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October 26, 1901

LEPROSY AND THE MOSQUITO.

JAMA. 1901;XXXVII(17):1120-1121. doi:10.1001/jama.1901.02470430044008

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Abstract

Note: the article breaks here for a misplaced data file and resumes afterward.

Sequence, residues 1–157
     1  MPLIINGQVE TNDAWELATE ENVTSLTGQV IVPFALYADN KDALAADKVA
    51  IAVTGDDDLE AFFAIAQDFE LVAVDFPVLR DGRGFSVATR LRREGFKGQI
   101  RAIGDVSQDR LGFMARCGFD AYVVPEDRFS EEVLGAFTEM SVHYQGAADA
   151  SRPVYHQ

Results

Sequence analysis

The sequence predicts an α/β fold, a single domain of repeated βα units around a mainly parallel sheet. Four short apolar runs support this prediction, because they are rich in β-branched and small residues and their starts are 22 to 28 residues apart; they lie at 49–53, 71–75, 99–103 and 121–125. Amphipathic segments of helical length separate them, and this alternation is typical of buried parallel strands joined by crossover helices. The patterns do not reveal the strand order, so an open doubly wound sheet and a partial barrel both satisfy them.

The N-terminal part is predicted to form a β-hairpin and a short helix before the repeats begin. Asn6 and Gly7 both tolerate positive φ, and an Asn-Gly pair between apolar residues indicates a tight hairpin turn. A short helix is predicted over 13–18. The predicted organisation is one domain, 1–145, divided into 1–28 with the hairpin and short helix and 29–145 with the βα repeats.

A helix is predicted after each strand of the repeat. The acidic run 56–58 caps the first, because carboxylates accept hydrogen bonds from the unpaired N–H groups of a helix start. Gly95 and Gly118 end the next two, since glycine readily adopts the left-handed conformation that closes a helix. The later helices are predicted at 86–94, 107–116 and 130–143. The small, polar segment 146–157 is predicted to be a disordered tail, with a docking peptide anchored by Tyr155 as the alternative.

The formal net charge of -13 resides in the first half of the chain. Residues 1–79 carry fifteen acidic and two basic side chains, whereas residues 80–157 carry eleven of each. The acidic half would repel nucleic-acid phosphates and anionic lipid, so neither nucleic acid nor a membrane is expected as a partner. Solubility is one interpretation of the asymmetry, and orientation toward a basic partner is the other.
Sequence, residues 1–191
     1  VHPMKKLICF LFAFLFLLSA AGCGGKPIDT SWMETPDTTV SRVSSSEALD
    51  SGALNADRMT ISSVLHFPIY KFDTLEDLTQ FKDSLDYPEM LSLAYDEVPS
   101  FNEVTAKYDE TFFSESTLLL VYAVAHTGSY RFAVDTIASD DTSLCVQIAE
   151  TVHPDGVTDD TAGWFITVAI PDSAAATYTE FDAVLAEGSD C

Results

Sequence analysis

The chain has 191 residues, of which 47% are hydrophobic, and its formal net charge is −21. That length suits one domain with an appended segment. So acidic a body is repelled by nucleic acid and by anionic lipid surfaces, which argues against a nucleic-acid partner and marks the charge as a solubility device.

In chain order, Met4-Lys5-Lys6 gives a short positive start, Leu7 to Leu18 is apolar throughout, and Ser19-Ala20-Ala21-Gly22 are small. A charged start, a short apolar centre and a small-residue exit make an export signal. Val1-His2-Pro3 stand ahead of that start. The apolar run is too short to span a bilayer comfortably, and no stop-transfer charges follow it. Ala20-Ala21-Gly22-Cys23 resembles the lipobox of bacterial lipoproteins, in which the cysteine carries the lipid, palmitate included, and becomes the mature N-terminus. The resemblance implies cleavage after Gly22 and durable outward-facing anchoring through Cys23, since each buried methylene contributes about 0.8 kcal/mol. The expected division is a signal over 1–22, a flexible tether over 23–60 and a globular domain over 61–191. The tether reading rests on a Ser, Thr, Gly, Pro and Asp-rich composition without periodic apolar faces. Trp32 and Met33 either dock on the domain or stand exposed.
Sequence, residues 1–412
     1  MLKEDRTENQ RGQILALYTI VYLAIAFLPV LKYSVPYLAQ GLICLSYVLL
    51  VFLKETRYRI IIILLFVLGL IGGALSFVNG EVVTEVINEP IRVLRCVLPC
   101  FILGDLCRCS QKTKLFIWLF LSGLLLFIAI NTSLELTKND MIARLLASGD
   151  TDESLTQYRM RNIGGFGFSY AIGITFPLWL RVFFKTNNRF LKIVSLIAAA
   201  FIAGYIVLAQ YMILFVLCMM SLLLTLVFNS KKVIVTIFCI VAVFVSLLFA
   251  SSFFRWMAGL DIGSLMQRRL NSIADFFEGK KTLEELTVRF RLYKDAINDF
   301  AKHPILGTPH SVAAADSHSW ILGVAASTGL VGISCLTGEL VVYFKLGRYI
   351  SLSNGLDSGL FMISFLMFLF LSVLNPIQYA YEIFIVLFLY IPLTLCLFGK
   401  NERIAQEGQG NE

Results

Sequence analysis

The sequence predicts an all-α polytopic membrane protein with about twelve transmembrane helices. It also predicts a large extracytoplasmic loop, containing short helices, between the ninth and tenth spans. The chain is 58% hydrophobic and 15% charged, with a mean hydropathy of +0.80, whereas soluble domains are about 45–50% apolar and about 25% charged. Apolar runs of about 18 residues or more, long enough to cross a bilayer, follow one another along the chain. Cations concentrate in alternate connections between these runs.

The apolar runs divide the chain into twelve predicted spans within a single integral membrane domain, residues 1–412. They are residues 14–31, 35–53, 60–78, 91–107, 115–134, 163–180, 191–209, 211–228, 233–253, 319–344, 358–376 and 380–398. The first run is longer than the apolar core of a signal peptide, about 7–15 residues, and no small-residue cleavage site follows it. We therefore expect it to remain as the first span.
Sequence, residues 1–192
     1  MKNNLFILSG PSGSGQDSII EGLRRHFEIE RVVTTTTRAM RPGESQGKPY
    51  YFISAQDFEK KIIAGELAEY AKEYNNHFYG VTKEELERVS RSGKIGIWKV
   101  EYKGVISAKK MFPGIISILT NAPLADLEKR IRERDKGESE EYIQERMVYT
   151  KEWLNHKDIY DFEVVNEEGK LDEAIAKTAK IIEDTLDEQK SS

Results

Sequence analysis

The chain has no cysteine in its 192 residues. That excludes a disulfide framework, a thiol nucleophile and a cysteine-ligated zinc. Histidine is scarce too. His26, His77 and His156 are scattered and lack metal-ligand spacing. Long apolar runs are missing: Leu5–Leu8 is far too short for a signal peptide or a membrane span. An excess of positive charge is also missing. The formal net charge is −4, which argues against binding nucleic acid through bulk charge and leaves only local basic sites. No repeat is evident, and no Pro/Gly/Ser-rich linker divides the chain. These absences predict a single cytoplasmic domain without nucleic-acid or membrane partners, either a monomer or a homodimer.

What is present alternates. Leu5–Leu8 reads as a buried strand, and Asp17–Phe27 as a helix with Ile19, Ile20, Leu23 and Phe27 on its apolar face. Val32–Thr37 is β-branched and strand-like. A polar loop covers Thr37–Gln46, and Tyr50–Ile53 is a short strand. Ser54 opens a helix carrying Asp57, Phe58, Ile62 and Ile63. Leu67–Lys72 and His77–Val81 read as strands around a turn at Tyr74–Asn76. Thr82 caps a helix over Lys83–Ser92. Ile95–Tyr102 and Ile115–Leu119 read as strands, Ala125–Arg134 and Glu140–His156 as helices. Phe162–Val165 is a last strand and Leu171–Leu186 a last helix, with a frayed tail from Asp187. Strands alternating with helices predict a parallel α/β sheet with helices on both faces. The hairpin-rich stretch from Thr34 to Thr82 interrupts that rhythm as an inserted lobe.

The spread of leprosy in the Hawaiian Islands is attributed to some extent to the mosquito by the local health authorities. There are cases that occur that are otherwise unaccountable, a fact that will hardly increase the mental quietude of those who are mosquito bitten in a country where leprosy exists. Of course, this mode of infection must be extremely rare, for mosquito bites are common, and these unaccountable cases are few in number. It seems probable that the indictment against the mosquito will be, as time elapses, a much heavier one than has been as yet conceived; it is the most efficient little inoculating machine that was ever contrived, and it seems to have a constitution suited to take up and carry about a number of uncomfortable things for the human species. It is said that it did not exist in some at least of the Pacific Islands originally,

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